Efter this, as ye mey weel believe, there wisna muckle attention gien to the business, an the minister didna keep us lang. At the kirk yett he left us staunin, an gaed awa ower to the manse; an nae suiner wis his back tae us, nor Liddell turned an yokit on me like a teeger. He wis an auld man, weel on in his seeventies; a muckle buirdly chiel he haed been in his day, sax feet twa in his stockin soles, an they say he coud lift a tip an fling it ower his shouther; but noo he wis aa faan in an cruppen thegither: juist a ruckle o banes. It wis kind o grewsome to see an auld, grey-heidit man loss aa comman' o himsel an cairy on like a body dementit--shakin like ane wi the palsy, an his runkled skin pouin aa weys, an his een lowin like gleids. I needna come ower what he said, but he abuized me up hill an doun dale, an the names he caad me were mair fit for a cattle-close nor a kirk-yaird. He haed a muckle crummie-staff in his haun, an at ae time I thocht he wis gaun to strike me wi't, he wis in sic a blin' fury. I made ready to jink him, for I coudna ha strucken him back: no to speak o the scawndal o't, the man wis auld eneuch to be my faither.

Durie gruppit him by the airm, an did his best to päcify him. "Come awa, Wedderlairs," he said; "ye hae gien him eneuch; leave the man alane."

"No," says he, "I haena gien him eneuch; it's a lounderin wi my staff I wad ha gien him, gin I haed been a score o years younger, an we haedna been whaur we are! That's the man that caas himsel an elder o the kirk, an stauns up amang her enemies, an leads the howl to ding her doun! That's ane o yer Leeberal Churchmen--the mawks that the Kirk haes bred in her belly, an her no deid! An he haes the face to come here, an tak his sate in the session, rubbin shouthers wi honest men--feegh! The vera sicht o him scunners me!"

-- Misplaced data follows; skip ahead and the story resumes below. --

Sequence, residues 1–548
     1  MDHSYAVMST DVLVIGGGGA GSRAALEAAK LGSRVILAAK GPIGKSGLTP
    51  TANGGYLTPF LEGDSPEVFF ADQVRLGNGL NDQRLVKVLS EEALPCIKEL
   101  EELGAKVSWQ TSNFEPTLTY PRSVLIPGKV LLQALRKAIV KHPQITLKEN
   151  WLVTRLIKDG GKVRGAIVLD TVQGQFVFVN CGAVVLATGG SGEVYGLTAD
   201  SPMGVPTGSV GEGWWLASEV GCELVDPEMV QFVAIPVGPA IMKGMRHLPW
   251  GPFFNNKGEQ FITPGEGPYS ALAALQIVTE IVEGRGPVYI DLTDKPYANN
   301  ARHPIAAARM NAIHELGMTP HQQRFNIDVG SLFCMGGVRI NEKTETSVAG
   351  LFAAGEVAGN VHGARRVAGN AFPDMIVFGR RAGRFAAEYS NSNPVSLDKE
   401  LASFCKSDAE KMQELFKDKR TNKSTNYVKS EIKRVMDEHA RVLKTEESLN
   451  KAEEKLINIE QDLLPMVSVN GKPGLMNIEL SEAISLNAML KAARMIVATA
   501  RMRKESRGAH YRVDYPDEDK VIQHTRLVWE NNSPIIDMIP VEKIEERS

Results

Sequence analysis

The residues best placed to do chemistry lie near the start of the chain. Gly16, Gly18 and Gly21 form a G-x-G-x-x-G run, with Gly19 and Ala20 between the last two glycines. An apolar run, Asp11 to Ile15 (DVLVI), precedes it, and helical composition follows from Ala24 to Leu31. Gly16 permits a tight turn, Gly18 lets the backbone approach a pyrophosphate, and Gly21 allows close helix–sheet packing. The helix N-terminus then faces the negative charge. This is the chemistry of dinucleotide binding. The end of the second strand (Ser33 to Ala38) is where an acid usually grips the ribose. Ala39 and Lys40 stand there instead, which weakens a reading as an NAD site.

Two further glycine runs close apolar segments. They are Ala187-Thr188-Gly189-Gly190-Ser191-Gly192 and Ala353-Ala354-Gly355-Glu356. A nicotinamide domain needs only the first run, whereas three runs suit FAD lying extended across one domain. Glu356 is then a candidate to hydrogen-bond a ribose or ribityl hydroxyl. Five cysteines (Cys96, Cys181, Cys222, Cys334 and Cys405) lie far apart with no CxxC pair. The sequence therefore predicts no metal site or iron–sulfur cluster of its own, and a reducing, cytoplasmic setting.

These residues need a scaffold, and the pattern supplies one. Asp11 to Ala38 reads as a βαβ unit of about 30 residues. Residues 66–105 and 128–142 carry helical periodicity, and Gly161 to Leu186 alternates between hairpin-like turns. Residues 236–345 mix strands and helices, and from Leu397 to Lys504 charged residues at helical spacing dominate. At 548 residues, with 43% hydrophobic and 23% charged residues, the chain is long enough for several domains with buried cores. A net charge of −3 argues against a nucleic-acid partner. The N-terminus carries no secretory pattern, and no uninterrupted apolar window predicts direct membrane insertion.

"Houts, Maister Liddell," says Archie, "ye're ower hard on Jims aathegither. I grant ye he's made a mistak, but ye needna caa him waur nor he is. It's no ower late for him to tak back his arles to the tither side. He'll come aa richt yet, if ye let him a-be; but it's no the wey to grup a bird to fling yer bannet at it!"

"I wonder to hear ye, Howden," says he; "wad ye hae the man sell his pairty, efter sellin his kirk? Na, na, let him kythe in his ain colours, that folk mey ken him. Little as I think o him noo, I wad think even less o him than--the dooble-dyed traitor!"

"Come awa, Wedderlairs," says Durie; "for ony sake, come awa. Ye hae said eneuch. Nae need to jaw watter on a drouned moose."

"A' richt, Durie," says he, "I'm comin. But if the man taks my coonsel, he'll keep oot o my sicht. If he bides in the session, I leave it. But he mey ha some shame left aboot him somewhaur, an if he haes, he'll no thrust himsel amang us here ony main. We want nae scabbit sheep in oor hirsel!"--An wi that the twa o them gaed awa thegither, doun to the inn stables, an left us staunin.

My braith wis fair taen awa wi the wey he haed opened oot upon me, an I gaed doun the street alang wi Archie Howden, no able yet to tak it aa in.

"Weel, Jims," says Archie efter a bit, "ye've got yer fairin the day, an I maun say I think ye're cheap o't."

"What div ye mean?" says I, "d'ye think I fash my heid for what an auld doitit earle like yon says? A'body kens Liddell o Wedderlairs an naebody heeds him. He's juist ane o the bitterest Tories that's gaun."

"Na, na," says he, "that'lI no dae. Ye'll no get leave to ride aff on that horse, Jims. I dinna approve o aa he said, but ye ken fine he wisna thinkin o the politics--he wis thinkin o the kirk, an naethin else. An there's plenty mair o us feel every bit as keen aboot it as auld Wedderlairs, tho we dinna uise the same kind o language. My wird, yon wis a proper dressin he gied ye!--an, as I said afore, I canna but think it served ye richt."

"Ye mey think what ye like for me, Archie," says I, "but ye'll no see me at ony mair o yer session meetins. Liddell needna be feared. I'm no gaun back yonder to get naethin but ill tongue."